Everything You Need to Know about Federal Consolidation Loans

on June 15, 2017

The Federal Consolidation Loan combines multiple federal education loans into a single loan, simplifying the repayment process.

 

Interest Rates and Fees

 

The interest rate on a federal consolidation loan is a fixed rate based on the weighted average of interest rates on the loans included in the consolidation loan, rounded up to the nearest eighth of a point (multiple of 0.125 percent).

 

The interest rate on new consolidation loans has not been capped since July 1, 2013. Before then the interest rate was capped at 8.25 percent.

 

There are no fees on federal consolidation loans.

 

To calculate the weighted average, multiply each loan amount by its interest rate and divide the sum by the sum of the loan amounts. For example, consider two loans, one at $10,000 and 6 percent interest and one at $5,000 and 5 percent interest. The weighted average divides ($10,000 x 6 percent + $5,000 x 5 percent) by ($10,000 + $5,000), yielding $850/$15,000 or 5.67 percent. Rounding this up to the nearest eighth of a point yields 5.75 percent.

 

Notice how the weighted average is between the highest and lowest interest rates among the consolidated loans.

 

The use of the weighted average more or less preserves the cost of the loans. The individual loans in the previous example involve monthly payments of $111.02 and $53.03, respectively, on a 10-year term, or a total of $164.05 a month. The total interest paid over the life of the loans is $3,322.48 and $1,364.04, respectively, a total of $4,686.51. The consolidation loan has a monthly payment of $164.65 and total interest paid of $4,758.62. The increase in costs is due, in part, to the rounding up of the interest rate.

 

Why Consolidate?

 

There are several advantages to a federal consolidation loan:

  • Consolidation streamlines repayment, replacing multiple loans with a single loan
     
  • Borrowers of a federal consolidation loan can choose a longer repayment term, leading to a lower monthly payment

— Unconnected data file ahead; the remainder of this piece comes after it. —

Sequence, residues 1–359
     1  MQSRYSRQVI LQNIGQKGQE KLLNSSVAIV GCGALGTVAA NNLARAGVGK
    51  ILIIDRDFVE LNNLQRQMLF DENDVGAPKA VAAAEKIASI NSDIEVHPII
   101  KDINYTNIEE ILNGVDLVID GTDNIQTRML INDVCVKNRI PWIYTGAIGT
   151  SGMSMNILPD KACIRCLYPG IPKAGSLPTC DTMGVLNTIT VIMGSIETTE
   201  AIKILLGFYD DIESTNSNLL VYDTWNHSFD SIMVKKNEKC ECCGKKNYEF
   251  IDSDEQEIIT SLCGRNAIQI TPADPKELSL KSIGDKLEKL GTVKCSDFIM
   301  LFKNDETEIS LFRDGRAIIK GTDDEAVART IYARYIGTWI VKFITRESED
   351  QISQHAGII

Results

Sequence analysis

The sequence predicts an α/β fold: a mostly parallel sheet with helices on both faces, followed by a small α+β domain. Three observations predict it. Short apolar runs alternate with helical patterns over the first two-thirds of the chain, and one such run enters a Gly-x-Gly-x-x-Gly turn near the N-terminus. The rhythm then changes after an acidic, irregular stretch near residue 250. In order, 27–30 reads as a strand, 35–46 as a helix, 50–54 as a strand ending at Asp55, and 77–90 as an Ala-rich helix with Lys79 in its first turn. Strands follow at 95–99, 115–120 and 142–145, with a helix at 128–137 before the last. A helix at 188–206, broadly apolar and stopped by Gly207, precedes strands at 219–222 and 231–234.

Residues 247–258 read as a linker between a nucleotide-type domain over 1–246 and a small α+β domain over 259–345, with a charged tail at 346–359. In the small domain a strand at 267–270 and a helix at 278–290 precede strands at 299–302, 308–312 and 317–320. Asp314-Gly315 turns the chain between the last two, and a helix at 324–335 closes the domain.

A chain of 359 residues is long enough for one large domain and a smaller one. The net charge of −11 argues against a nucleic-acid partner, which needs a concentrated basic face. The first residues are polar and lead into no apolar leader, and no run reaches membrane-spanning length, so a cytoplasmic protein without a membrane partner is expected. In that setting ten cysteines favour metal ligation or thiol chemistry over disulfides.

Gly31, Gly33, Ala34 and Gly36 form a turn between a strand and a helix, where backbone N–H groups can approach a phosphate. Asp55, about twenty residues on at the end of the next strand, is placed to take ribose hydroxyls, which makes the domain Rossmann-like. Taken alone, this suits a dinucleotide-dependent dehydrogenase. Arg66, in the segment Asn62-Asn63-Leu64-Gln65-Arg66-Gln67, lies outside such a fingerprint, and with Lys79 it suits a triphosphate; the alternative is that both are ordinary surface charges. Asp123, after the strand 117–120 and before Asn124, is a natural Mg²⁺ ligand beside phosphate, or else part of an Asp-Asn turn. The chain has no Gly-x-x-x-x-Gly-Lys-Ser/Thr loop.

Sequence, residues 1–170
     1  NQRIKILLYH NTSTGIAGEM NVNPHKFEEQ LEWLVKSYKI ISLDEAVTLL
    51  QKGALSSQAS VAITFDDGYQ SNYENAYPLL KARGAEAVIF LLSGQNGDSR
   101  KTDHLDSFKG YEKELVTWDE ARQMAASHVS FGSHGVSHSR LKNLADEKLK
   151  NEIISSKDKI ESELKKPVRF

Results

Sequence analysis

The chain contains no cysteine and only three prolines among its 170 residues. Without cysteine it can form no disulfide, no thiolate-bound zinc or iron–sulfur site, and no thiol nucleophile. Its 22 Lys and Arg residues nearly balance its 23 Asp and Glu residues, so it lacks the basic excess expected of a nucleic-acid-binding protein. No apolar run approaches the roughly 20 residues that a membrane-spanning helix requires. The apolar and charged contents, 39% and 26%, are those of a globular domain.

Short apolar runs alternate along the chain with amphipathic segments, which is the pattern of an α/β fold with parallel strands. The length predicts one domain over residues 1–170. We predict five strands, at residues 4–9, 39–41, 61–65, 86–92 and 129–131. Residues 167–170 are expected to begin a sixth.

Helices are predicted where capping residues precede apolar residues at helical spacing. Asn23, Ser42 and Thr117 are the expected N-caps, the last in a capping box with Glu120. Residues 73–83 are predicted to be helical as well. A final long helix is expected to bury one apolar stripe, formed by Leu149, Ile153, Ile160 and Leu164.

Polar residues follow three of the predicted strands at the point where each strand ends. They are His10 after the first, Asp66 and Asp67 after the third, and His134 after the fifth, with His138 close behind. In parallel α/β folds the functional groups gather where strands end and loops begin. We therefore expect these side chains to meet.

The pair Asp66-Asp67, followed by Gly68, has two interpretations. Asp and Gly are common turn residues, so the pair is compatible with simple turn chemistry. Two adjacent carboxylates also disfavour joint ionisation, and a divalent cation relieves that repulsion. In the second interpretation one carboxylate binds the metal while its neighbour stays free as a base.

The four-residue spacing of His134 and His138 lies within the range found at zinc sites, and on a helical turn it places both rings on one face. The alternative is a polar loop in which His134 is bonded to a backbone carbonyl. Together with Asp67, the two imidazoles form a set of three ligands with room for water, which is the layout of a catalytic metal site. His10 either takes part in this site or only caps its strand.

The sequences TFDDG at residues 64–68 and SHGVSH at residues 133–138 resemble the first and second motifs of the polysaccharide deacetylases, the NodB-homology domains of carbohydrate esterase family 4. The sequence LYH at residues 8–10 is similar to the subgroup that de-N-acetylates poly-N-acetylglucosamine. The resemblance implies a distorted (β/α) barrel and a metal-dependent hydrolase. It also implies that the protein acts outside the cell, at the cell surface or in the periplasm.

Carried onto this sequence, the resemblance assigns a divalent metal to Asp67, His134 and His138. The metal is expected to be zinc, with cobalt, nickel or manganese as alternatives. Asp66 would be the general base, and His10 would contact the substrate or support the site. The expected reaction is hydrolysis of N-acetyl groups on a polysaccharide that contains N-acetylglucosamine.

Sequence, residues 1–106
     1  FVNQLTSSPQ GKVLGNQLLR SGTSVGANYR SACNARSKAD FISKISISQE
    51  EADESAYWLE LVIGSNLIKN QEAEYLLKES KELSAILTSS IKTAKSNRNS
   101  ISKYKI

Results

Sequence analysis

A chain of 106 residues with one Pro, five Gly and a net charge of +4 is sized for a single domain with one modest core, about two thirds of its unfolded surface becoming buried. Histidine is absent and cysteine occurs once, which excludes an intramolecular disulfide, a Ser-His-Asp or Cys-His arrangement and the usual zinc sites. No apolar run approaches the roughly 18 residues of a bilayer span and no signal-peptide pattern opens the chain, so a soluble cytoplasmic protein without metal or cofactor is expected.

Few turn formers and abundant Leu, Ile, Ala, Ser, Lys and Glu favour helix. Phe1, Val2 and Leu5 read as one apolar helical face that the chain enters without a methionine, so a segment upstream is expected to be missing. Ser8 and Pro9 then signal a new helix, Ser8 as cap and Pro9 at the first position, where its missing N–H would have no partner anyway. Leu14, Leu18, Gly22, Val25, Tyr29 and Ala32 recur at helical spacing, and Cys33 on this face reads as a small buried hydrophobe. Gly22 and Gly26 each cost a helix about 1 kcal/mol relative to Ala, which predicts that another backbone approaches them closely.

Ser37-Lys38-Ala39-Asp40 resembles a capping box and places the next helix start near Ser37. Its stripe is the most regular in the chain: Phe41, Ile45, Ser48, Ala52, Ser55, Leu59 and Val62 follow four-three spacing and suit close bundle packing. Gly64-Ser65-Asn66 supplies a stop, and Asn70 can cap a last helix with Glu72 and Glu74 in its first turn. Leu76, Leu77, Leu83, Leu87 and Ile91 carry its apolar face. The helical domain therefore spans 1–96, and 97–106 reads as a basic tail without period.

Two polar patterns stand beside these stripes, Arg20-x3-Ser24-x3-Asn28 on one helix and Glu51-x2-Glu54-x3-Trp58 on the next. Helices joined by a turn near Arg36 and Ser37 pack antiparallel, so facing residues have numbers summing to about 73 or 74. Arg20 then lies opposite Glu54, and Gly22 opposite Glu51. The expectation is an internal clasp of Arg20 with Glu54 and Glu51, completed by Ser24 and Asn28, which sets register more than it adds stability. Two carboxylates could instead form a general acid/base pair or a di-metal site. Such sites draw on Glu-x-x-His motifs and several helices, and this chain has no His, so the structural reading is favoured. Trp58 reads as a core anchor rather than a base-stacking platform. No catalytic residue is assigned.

• Borrowers can use consolidation to change the servicer on their federal student loans
     
  • No credit check or cosigner is required on a federal consolidation loan
     
  • Consolidation resets the clock on deferments and forbearances, since a federal consolidation loan is a new loan with its own deferments and forbearances
     
  • If one or more of the loans were subject to the $50 minimum monthly payment, consolidation eliminates the multiple minimum payments, thereby reducing the monthly payment without changing repayment plans

There also are several disadvantages to a federal consolidation loan:

  • A longer repayment term leads to more payments and more interest being charged over the life of the loan. There is no requirement that borrowers choose a longer repayment term when they consolidate their federal student loans.
     
  • If a Federal Perkins loan is included in the consolidation loan, the borrower will lose the subsidized interest benefits and certain loan cancellation options on the Federal Perkins loan. This is in contrast with the subsidized interest benefits on a subsidized Federal Stafford loan, which are preserved when the loan is consolidated.
     
  • Borrowers who consolidate during the grace period will lose the remainder of the grace period. Servicers of Federal Direct Consolidation Loans, however, might be willing to delay the effective date of the consolidation until the end of the grace period.
     
  • Accrued but unpaid interest will be capitalized when the loan is consolidated, causing interest to start being charged on the unpaid interest.
     
  • After the borrower’s loans are consolidated, the borrower can no longer accelerate repayment of the highest-rate loans. You don’t have to include all of your federal student loans in the consolidation loan. You could keep the highest-rate loans out of the consolidation to let you target them for quicker repayment.
     
  • Consolidation might increase the interest rate by as much as an eighth of a percent (0.125 percent).
     
  • Consolidation does not really save you money, since the interest rate does not decrease. Although one can choose a repayment plan that reduces the monthly payment, this does not save money since it increases the total interest paid over the life of the loan.